Hiscox: Global Firms Still Struggling to Get Cyber-Ready
WWT's Nick Hammond argues that a new report from Hiscox should be a reminder for global firms of the difficulty of getting security right.
Posted by Infosecurity on February 6, 2018:
Nearly three-quarters of global firms fell short of adequate cyber-readiness, despite the majority ranking online threats as the number one risk to their business, according to Hiscox.
The insurer’s Cyber Readiness Report 2018 used interviews with a representative sample of 4000 organizations in the US, UK, Germany, Spain and the Netherlands to assess their cybersecurity strategy and the quality of its execution.
The annual report found that only 11% scored highly enough in both areas to be ranked as cybersecurity “experts,” while 16% achieved expert status in either strategy or execution, but not both.
Yet the cyber-threat is well understood: two-thirds of respondents claimed it’s their top business risk, alongside fraud.
Perhaps unsurprisingly, large firms and those that spend more on security were judged to be the best prepared.
Some 21% of large companies ranked as cyber experts, versus only 7% of small firms, while cyber-experts spend twice as much on IT as those that failed the test ($19.8m versus $9.9m) and devote a higher proportion to cybersecurity (12.6% versus 9.9%).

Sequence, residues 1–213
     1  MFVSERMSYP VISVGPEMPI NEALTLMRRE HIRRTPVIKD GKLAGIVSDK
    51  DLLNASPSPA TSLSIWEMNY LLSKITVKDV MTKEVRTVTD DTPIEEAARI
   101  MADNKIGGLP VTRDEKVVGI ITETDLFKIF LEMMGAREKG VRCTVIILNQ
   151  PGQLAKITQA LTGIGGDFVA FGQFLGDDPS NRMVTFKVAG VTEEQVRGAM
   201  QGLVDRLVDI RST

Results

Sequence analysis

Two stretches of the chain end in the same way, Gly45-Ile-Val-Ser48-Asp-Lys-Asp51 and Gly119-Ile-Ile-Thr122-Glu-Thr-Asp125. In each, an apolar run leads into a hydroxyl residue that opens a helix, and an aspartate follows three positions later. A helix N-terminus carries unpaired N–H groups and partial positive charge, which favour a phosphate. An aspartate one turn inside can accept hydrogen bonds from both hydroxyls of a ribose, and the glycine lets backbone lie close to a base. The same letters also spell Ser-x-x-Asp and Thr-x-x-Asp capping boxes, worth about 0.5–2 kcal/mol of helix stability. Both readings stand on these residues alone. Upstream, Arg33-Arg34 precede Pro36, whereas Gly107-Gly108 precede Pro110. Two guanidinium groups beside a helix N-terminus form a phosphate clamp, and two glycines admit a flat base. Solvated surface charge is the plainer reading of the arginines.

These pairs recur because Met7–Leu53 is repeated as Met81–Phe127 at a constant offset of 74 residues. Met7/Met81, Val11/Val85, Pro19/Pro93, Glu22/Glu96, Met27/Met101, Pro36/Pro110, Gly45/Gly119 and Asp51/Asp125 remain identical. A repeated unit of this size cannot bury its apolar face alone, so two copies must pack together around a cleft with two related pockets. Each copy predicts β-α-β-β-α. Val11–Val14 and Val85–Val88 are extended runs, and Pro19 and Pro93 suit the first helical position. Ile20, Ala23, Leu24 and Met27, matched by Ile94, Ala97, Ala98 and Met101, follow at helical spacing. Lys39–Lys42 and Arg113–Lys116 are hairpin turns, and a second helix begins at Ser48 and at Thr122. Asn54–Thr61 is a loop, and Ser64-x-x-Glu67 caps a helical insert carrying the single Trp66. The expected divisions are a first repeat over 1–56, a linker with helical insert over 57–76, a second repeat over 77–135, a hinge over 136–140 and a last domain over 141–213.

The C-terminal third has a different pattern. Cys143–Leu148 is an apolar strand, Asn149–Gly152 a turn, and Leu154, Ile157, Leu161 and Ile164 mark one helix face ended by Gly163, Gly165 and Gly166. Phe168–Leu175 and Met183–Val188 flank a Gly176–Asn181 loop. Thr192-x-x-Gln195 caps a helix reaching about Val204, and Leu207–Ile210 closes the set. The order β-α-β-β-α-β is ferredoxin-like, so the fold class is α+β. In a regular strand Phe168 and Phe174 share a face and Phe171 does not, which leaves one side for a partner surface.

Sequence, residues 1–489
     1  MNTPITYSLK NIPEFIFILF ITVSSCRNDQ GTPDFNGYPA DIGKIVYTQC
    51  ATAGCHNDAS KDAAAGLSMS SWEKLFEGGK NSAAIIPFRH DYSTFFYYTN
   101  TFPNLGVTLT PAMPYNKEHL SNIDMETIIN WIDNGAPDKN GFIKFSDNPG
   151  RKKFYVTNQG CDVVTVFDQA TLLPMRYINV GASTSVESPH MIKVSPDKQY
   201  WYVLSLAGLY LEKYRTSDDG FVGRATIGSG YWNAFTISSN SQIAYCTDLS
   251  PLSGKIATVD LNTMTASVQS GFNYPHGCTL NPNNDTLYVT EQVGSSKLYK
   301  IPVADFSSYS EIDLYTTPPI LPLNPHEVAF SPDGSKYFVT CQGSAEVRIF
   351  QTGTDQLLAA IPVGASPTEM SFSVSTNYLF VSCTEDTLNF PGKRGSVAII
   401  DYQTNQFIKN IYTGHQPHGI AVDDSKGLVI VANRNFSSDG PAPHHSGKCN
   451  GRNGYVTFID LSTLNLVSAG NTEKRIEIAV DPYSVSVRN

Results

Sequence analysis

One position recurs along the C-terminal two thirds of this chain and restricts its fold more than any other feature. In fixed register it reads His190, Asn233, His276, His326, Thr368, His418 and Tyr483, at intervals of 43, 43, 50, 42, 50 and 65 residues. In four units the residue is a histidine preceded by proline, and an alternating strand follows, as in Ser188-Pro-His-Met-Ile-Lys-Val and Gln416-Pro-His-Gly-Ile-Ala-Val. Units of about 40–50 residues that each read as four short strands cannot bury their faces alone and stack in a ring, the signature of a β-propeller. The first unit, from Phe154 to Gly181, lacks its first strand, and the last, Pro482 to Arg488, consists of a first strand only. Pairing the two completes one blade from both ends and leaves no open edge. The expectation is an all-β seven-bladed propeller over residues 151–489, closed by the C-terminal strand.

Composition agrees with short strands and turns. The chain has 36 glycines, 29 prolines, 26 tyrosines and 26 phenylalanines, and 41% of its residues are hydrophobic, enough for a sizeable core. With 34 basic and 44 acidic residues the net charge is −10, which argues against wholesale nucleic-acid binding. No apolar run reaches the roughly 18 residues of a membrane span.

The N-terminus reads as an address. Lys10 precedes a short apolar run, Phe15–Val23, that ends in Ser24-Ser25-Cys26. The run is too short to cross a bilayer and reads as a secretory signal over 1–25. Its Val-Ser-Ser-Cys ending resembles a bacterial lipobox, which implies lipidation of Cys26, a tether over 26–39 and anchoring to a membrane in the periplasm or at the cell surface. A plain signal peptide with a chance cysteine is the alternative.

Nick Hammond, lead advisor for financial services at World Wide Technology, argued that the report should be a reminder to those in the financial sector of the difficulty of getting security right.
“This kind of protection is all the more necessary this year, in the wake of new regulations such as MiFID II, PSD2 and GDPR. Unlike older rules that only required yearly tick-box compliance exercises, these new regulations require continued assurance of critical applications,” he added.
“But with the complexity of existing IT systems, which have been built with different and sometimes opposing metrics over the years, this is easier said than done. This web of opaque interdependencies is creating problems for cyber security. Without a clear view of how the system is plumbed together, there can be knock-on effects downstream when one application is prevented from sharing data with another system or user.”